The Adequacy in Inadequacy
As of August 10th I have been a working, bachelor's prepared RN for six months. As the intended audience of this post is generally my fellow new nurses and those who will come behind me, I take no offense to those of you who skip this entry. However, I will say that despite most of it being medical, there is, as always, a deeper message. Also, for friends and family who ask questions like "how is it going?" and "are you liking it?", here is some insight into the depths of nursing.
February 2014 I walked into my place of employment with my degree and license in hand. There were mixed emotions. They mostly consisted of nervousness, impatience and inadequacy. I wanted so badly to be THAT nurse. THAT nurse who could spit pathophysiology so clearly, patients understood it as easily as a children's book. THAT nurse who could juggle six patients and still find the time to help her coworkers. THAT nurse who listened to her patients, to not only medically related conversation, but their personal stories that would touch her heart. THAT nurse who could fully understand the correlation between the human body and the human spirit. THAT nurse whose patients were simply gracious for her work at the end of her shift.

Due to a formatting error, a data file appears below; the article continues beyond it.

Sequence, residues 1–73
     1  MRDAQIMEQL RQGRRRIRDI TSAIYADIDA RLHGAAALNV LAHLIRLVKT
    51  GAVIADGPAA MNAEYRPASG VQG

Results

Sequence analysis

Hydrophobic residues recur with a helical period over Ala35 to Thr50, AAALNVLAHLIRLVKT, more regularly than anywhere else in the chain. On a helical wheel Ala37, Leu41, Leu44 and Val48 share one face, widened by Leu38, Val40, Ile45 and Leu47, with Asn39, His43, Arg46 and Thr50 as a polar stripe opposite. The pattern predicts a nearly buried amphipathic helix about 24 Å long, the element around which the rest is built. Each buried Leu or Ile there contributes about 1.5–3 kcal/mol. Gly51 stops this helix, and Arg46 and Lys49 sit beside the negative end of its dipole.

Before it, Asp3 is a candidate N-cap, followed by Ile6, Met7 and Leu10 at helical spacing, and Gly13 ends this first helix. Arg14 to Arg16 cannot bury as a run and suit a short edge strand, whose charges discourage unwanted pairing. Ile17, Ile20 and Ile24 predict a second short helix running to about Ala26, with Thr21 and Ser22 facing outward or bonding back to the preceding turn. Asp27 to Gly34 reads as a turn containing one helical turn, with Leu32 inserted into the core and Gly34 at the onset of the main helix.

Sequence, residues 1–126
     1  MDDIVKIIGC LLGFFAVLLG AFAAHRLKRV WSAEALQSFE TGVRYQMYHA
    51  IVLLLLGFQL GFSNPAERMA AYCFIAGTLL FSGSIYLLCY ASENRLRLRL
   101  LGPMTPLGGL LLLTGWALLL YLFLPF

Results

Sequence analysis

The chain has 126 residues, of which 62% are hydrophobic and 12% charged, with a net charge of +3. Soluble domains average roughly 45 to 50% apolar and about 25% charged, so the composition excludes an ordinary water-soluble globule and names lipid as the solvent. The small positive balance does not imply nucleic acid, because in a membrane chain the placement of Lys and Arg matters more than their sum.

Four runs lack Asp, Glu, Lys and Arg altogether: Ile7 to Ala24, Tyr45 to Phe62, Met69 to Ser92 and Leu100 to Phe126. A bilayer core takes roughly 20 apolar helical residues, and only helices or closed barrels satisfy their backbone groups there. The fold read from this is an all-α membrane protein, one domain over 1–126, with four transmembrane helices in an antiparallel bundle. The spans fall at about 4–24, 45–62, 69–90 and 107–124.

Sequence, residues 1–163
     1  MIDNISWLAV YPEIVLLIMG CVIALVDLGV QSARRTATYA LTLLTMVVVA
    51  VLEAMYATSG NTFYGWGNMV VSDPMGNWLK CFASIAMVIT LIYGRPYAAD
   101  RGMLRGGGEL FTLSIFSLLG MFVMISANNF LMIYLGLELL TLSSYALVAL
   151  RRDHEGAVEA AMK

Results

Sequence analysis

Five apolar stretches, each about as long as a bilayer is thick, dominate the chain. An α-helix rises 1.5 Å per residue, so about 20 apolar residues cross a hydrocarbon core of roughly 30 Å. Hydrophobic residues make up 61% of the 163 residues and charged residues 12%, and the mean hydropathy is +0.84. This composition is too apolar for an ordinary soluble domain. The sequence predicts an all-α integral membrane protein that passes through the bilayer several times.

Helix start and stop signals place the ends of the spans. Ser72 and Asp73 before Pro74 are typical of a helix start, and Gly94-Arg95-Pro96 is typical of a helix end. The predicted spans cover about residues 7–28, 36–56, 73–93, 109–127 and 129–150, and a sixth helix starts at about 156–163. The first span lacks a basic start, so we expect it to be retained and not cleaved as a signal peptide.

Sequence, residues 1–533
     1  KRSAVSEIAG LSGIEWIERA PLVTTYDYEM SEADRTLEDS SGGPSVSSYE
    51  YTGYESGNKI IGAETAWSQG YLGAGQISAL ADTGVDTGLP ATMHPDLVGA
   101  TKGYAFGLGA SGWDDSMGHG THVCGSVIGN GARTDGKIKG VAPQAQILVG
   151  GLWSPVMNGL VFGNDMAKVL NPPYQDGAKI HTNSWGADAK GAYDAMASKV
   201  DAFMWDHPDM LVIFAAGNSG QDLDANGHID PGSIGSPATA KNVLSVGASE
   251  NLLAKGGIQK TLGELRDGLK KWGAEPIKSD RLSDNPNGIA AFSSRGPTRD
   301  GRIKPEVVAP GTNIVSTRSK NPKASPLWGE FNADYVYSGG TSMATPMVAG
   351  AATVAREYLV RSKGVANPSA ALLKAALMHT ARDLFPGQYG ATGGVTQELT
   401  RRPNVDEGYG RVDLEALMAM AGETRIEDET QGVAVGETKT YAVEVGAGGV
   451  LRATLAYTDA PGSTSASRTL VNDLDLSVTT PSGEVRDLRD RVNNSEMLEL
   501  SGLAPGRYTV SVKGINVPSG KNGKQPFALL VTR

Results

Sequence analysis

Some of the raw, unedited thoughts that were with me for a majority of my first few months as an RN, I will keep mainly to myself because nursing is not only a career, it is a very personal journey of self discovery. Some days are great. Some days I leave work feeling as if I changed lives. That is what we should always be striving for, unfortunately the reality is much less profound. Some days are hard, really hard. I'm talking 12 hour shifts that assault you emotionally, intellectually
physically, bringing you to your breaking point. Days that I have stood
in a patients room and silently asked myself why in the hell did an insufficient woman like myself choose one of the only
careers where other human lives are in my hands daily?
Six months in, I will say that THIS nurse is THAT nurse. Because THIS nurse and THAT nurse were never very different to begin with. I fully understand that the strikingly exquisite part of science and medicine is that no one can ever completely, without a doubt "get it". It gets easier to differentiate lung and heart sounds, you learn with time and experience the best ways to manage care, and the overall understanding increases tenfold, but there is always learning to be had. The beauty in nursing, or any field, is that you are ALWAYS lacking. It is when you believe that you are fully adequate that you become inadequate. To constantly crave knowledge, to lust for it, is the most beneficial desire a human can ever have.